In order to store the new sorting order after you release the item from dragging you need a method to save it to the server. You could do it by saving the whole order of the whole tree into array of inputs or some other hack, but I chose the option of sending an ajax POST request on each sorting action. This means every time we release an item we will send a background POST request to the server. This means we don’t need a special SAVE button in the end of our tree. Do achieve that we have to connect to the onPaste method of the treeModel.

If we want to allow modifications to our data via drag-n-drop, we can implement the pasteItem() method and set the drag-n-drop controller for the tree.

dojo.connect(treeModel, 'pasteItem', function(childItem, oldParentItem, newParentItem, bCopy, insertIndex) {
    entityID = childItem.id[0]; // The node that was sorted
    parentID = newParentItem.id[0]; // The new(could be the old one) parent of the node
    order = 0; // We set the order to 0 first
    if (insertIndex != undefined) { // And only override it when the order is defined.
        order = insertIndex;
    }
    // Send POST to server side.
    dojo.xhrPost({
        url: "/saveorder.php?id="+entityID+"&parent="+parentID+"&order="+order,
        load: function(data, ioargs) {
            // Notify user about successful save here.
            alert('Your order was saved!');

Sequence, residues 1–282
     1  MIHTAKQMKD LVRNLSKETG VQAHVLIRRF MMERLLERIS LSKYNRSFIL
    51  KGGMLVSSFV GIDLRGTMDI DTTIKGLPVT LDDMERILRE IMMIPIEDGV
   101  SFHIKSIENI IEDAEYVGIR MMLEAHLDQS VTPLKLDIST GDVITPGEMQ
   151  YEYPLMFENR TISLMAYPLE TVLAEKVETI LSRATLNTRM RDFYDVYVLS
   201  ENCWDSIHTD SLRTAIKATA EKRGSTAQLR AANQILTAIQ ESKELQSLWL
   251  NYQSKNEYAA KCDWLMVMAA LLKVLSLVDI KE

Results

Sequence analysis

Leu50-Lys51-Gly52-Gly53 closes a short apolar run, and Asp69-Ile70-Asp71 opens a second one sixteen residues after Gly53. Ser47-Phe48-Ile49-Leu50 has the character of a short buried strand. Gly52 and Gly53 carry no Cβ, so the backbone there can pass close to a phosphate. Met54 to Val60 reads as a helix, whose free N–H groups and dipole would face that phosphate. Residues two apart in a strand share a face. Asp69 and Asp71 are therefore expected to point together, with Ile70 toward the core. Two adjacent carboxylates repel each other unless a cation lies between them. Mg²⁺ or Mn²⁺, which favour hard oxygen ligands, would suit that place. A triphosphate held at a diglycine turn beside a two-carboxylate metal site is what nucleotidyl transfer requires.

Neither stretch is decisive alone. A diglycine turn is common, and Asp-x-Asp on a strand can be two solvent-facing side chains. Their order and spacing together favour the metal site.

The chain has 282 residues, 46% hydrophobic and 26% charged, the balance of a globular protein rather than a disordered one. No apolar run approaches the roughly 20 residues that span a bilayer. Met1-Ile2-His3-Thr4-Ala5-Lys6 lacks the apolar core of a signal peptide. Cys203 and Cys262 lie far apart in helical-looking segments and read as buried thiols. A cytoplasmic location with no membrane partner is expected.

}
    });
});

That’s IT! You should be done now from the javascript side. The server and JSON parts should be easy as the internet is full of documentation on those. If you are using a PHP backend then it’s just a matter of using json_encode method and reading some $_POST params.

Some more reference material can be found here: http://dojotoolkit.org/documentation/tutorials/1.6/store_driven_tree/

If you have a question or having trouble getting it working then feel free to write a comment and I’ll do my best to help you out. If you would like to read more about Dojo Toolkit related subjects then also make sure to comment on that!

AUI Autocomplete with service builder json datasource

Since it’s not so trivial to correctly understand AlloyUI Autocomplete that’s shipped with Liferay 6.2 then here’s an example on how to make an autocomplete that uses a custom service builder json web service as a datasource.
We will use AUI Autocomplete widget and then user Liferay Service library to fetch the result from our own custom service builder built JSON web service.

This is the look we are trying to achive:
aui autocomplete service builder